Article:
"Kriya Yoga is an instrument through which human evolution can be quickened," Sri Yukteswar explained to his students. "The ancient yogis discovered that the secret of cosmic consciousness is intimately linked with breath mastery. This is India's unique and deathless contribution to the world's treasury of knowledge. The life force, which is ordinarily absorbed in maintaining the heart-pump, must be freed for higher activities by a method of calming and stilling the ceaseless demands of the breath."
The Kriya Yogi mentally directs his life energy to revolve, upward and downward, around the six spinal centers (medullary, cervical, dorsal, lumbar, sacral, and coccygeal plexuses) which correspond to the twelve astral signs of the zodiac, the symbolic Cosmic Man. One-half minute of revolution of energy around the sensitive spinal cord of man effects subtle progress in his evolution; that half-minute of Kriya equals one year of natural spiritual unfoldment.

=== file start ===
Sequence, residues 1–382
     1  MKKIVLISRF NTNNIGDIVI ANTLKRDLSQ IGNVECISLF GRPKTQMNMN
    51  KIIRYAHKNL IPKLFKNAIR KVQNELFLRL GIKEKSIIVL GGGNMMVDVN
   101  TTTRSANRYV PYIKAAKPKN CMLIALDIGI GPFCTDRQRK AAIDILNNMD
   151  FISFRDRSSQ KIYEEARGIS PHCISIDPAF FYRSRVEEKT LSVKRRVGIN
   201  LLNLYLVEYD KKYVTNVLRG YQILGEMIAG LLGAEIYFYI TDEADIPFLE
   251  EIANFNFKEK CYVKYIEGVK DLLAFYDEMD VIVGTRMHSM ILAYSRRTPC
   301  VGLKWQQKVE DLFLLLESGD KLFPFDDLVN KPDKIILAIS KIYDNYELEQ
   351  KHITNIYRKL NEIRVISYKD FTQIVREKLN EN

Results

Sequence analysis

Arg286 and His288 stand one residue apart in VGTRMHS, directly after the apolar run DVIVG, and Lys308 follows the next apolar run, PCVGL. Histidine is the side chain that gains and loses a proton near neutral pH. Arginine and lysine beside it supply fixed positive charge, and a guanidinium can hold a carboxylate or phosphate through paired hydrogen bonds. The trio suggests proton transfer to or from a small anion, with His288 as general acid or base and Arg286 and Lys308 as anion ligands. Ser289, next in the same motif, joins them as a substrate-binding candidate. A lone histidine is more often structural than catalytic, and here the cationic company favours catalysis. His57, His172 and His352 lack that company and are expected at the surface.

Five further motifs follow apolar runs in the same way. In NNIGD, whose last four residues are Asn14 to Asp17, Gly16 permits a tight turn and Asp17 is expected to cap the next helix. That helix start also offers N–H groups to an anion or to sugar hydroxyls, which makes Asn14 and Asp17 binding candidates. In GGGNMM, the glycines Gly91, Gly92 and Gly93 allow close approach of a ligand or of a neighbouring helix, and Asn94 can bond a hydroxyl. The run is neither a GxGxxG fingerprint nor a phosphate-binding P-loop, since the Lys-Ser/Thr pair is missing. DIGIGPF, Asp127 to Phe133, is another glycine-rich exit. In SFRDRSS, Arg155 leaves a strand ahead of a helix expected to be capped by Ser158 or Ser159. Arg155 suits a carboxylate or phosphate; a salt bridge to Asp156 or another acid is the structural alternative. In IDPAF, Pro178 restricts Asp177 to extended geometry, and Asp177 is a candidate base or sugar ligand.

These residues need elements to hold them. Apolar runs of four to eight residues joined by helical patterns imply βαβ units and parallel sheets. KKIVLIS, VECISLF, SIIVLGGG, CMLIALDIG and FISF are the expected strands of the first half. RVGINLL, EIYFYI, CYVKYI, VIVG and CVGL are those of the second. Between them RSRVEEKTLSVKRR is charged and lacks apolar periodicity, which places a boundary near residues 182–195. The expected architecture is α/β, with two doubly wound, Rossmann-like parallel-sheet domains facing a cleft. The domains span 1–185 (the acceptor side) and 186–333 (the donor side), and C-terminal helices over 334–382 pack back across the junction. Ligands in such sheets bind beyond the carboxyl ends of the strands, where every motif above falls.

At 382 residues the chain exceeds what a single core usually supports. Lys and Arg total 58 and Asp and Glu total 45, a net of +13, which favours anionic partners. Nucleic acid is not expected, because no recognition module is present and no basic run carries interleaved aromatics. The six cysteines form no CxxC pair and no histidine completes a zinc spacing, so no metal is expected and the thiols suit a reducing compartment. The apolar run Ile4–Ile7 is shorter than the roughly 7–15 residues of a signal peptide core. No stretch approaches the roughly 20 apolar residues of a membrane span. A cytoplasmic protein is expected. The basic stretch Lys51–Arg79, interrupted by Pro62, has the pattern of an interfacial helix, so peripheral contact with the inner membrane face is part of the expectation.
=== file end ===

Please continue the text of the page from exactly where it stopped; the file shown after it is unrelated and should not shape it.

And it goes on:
The astral system of a human being, with six (twelve by polarity) inner constellations revolving around the sun of the omniscient spiritual eye, is interrelated with the physical sun and the twelve zodiacal signs. All men are thus affected by an inner and an outer universe. The ancient rishis discovered that man's earthly and heavenly environment, in twelve-year cycles, push him forward on his natural path. The scriptures aver that man requires a million years of normal, diseaseless evolution to perfect his human brain sufficiently to express cosmic consciousness.